A new footbridge animates Paddington’s still waters.
2005 December: Rolling Bridge, London by Thomas Heatherwick Studio
Good design is not just about good ideas, rolling with it, going with the creative flow; it is also about good execution. Great design comes when both factors combine. Individuals who repeatedly come up with new tactics, those who try to reinvent the wheel and more often than not succeed, are at best inspirational, and at worst downright irritating. In architecture, the prize arguably goes to Herzog and de Meuron, whose recent exhibition (AR July 2005) drew an observer to publicly deride their ‘incessant inventiveness’. In the slightly left-field world of architectural device design, the creative output of the Thomas Heatherwick Studio is equally challenging. You can almost hear the secret thoughts of their observers saying, ‘now, why didn’t I think of that?’
When asked to design a retractable bridge, Heatherwick was not content to redress existing types: swing bridge, lifting bridge, or rigid retractable. Instead he came up with something completely new. Well almost; no single idea is ever generated in isolation. The closest precedent for this proboscis-like coil is perhaps the military bridge; the type that is rolled out when existing passes have been destroyed or that is used by emergency services in times of natural disaster, to give access for aid or evacuation. Sited in London’s Paddington Basin, this bridge rolls open, by slowly and smoothly unfurling. It mutates from conventional pedestrian platform into a circular sculpture, that sits comfortably on the canal bank when not required. The structure is pushed and pulled by a series of hydraulic rams set within triangular segments; challenging logic by pulling it open and pushing it closed. As it recoils, each of its eight segments simultaneously lifts, causing it to curl until the ends touch to form a perfect circle.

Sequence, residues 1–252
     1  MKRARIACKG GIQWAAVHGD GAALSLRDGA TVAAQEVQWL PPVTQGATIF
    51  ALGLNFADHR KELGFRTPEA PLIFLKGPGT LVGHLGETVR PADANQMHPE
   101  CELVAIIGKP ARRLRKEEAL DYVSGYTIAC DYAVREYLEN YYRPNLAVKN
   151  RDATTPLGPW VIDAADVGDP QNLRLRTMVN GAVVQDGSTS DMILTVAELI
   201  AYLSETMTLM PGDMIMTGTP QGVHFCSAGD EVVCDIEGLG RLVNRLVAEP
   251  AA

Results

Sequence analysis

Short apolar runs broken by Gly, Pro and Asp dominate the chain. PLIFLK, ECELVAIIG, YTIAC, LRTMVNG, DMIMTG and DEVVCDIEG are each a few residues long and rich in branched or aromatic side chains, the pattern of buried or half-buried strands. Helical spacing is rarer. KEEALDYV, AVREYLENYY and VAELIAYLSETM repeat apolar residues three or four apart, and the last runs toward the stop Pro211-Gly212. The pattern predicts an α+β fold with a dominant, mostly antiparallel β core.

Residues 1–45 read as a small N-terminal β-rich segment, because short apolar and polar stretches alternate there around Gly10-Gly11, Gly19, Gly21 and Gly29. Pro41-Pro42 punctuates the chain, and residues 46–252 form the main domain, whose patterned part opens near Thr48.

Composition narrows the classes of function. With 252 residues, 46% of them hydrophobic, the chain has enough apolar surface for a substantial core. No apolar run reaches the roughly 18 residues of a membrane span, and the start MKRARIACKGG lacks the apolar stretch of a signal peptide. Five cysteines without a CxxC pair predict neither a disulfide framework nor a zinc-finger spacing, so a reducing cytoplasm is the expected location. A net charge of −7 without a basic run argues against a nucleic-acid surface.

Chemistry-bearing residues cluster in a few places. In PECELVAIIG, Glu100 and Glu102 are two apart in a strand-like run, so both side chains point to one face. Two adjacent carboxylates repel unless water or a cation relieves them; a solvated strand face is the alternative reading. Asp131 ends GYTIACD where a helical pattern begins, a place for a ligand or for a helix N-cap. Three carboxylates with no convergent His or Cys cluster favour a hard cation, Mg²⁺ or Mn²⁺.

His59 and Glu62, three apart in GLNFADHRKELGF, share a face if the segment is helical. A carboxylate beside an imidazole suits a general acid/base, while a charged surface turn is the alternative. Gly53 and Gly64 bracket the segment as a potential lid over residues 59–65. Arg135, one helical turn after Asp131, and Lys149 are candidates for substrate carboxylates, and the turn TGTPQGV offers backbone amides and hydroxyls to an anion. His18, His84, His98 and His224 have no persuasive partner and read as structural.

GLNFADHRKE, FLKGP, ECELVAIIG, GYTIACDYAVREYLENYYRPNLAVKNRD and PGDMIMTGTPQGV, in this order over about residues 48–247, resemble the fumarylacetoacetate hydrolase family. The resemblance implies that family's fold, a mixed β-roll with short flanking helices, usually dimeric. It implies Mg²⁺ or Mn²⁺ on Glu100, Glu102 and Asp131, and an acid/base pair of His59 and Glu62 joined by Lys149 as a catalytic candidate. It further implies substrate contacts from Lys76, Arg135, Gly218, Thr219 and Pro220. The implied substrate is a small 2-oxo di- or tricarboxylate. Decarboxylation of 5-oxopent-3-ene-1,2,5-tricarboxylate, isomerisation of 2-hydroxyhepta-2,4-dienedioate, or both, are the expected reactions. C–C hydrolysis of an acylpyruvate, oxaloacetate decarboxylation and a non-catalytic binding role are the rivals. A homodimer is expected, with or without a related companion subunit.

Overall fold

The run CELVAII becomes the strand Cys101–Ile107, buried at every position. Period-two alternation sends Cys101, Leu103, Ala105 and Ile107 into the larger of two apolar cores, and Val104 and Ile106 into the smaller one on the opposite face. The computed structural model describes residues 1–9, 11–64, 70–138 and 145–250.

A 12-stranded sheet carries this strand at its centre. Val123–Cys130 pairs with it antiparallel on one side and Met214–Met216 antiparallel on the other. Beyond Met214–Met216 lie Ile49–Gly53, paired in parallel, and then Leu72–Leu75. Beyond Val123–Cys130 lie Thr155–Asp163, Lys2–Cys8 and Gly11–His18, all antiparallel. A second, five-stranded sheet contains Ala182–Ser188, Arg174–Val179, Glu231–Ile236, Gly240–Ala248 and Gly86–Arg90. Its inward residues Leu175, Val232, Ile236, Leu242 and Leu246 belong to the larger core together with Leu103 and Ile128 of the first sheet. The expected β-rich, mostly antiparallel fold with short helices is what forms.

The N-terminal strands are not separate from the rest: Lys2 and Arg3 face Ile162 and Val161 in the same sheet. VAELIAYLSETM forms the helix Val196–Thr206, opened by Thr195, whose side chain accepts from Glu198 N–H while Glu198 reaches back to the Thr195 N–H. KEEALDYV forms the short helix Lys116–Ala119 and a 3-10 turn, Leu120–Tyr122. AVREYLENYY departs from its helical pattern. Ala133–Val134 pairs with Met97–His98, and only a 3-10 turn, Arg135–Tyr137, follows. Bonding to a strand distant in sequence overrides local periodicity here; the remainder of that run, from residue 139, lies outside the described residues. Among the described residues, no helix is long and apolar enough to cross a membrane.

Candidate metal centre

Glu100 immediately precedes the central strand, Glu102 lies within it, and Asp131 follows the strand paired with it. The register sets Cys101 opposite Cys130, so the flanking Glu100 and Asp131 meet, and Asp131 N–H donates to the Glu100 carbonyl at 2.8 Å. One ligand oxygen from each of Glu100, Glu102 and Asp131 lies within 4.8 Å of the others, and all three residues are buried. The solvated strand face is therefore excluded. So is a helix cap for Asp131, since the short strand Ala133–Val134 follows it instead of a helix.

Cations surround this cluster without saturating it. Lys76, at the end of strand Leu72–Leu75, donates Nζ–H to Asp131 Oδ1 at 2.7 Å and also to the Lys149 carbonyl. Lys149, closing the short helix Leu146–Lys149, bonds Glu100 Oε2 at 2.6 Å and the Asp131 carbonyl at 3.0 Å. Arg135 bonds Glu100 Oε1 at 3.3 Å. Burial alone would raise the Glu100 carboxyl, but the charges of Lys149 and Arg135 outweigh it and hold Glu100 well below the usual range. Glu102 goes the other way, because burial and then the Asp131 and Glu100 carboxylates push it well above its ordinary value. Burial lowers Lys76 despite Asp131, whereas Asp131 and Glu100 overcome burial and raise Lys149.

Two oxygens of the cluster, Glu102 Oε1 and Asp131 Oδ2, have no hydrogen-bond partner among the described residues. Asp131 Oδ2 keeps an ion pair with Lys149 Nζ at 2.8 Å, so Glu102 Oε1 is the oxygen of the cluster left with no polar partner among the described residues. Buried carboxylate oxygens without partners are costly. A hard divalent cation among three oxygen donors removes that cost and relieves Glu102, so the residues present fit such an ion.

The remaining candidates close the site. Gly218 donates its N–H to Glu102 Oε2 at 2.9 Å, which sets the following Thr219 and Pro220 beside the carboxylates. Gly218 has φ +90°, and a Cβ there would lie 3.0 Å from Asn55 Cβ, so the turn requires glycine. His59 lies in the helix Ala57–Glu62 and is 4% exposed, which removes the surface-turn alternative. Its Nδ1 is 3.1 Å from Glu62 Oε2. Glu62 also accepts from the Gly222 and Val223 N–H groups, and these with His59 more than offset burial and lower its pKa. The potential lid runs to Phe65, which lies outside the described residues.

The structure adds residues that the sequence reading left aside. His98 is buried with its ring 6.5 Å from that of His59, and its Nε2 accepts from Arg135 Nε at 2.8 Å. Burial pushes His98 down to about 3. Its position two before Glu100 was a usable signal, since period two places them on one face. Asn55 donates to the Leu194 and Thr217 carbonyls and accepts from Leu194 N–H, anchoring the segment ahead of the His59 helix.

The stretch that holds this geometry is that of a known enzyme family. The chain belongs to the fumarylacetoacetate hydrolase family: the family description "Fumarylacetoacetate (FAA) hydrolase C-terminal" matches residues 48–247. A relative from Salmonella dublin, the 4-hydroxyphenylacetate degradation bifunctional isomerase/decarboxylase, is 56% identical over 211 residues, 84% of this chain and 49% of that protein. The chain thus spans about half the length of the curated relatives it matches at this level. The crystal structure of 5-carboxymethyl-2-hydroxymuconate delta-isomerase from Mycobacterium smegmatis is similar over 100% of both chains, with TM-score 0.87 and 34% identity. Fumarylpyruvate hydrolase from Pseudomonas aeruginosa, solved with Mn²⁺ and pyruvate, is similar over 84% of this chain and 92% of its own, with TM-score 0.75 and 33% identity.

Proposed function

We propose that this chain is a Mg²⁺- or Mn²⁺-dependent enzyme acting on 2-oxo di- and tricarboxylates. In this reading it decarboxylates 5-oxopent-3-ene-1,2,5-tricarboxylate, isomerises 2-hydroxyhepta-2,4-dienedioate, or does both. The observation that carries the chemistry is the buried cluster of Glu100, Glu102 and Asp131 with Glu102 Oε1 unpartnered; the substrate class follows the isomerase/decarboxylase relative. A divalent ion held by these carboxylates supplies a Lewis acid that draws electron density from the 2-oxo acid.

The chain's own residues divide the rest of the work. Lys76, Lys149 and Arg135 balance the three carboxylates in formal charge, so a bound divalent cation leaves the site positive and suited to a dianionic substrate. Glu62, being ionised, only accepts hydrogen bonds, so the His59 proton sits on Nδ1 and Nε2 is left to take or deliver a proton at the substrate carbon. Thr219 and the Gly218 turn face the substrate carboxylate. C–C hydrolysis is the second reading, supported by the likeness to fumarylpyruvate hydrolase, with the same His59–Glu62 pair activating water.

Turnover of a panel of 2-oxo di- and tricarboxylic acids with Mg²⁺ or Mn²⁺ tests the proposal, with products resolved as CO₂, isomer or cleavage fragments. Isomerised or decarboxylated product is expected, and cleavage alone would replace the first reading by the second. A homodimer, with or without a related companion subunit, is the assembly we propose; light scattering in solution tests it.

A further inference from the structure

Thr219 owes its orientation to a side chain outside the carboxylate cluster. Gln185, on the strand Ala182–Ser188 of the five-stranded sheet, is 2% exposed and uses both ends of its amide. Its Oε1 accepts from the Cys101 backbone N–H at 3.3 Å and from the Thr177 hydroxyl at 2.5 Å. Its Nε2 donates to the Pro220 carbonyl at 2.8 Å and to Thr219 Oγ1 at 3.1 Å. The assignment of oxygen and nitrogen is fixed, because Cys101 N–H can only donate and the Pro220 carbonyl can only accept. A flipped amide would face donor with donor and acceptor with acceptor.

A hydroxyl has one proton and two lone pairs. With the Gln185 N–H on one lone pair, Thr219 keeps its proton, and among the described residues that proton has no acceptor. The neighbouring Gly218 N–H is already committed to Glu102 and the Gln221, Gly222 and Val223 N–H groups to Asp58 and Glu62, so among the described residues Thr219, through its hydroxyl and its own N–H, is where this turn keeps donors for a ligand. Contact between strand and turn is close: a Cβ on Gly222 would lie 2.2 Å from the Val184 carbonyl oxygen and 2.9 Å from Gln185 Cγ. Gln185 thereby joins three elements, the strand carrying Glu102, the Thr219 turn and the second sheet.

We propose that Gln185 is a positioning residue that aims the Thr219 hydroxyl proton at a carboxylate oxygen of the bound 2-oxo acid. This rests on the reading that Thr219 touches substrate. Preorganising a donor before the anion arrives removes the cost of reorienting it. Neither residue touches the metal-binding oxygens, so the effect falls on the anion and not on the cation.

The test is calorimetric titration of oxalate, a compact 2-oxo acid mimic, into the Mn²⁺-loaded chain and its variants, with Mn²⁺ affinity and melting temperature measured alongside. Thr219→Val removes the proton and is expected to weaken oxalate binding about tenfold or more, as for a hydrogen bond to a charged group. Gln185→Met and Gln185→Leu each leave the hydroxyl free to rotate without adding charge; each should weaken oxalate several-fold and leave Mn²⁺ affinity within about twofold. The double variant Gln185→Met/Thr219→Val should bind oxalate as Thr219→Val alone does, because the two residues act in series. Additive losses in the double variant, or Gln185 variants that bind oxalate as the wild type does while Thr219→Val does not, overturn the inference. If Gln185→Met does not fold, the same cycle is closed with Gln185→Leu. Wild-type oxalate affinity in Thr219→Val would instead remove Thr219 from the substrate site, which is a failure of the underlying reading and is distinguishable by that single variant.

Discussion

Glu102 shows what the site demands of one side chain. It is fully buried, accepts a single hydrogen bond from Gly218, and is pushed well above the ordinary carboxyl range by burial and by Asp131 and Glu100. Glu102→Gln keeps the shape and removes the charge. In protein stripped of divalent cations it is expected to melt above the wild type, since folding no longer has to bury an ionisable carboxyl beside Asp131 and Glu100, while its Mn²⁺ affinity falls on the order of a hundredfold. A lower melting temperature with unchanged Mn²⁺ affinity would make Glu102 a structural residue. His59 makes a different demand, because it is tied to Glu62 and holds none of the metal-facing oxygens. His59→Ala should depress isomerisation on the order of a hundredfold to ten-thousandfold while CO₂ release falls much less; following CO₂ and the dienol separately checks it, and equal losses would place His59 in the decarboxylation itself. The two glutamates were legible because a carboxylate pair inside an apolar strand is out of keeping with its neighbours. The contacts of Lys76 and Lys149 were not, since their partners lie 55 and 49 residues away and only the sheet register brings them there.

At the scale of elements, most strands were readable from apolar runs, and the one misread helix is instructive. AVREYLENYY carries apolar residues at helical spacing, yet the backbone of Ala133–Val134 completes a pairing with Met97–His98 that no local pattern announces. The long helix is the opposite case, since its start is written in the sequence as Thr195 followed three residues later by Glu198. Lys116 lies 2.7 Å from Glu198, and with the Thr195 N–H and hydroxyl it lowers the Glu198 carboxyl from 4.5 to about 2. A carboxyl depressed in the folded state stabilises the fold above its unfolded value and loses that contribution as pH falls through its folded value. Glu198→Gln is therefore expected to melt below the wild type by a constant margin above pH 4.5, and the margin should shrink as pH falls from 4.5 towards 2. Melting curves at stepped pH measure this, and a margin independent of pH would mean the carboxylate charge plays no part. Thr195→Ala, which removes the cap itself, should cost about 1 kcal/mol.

The studio’s aim was to make function from movement. As such it can be stopped at any point along its journey, whether at the very start, when it looks as though it is hovering, or halfway through its opening path. Delightfully conceived, delightfully resolved, delightfully detailed, and delightfully made; don’t you just hate it?
Designer: Thomas Heatherwick Studio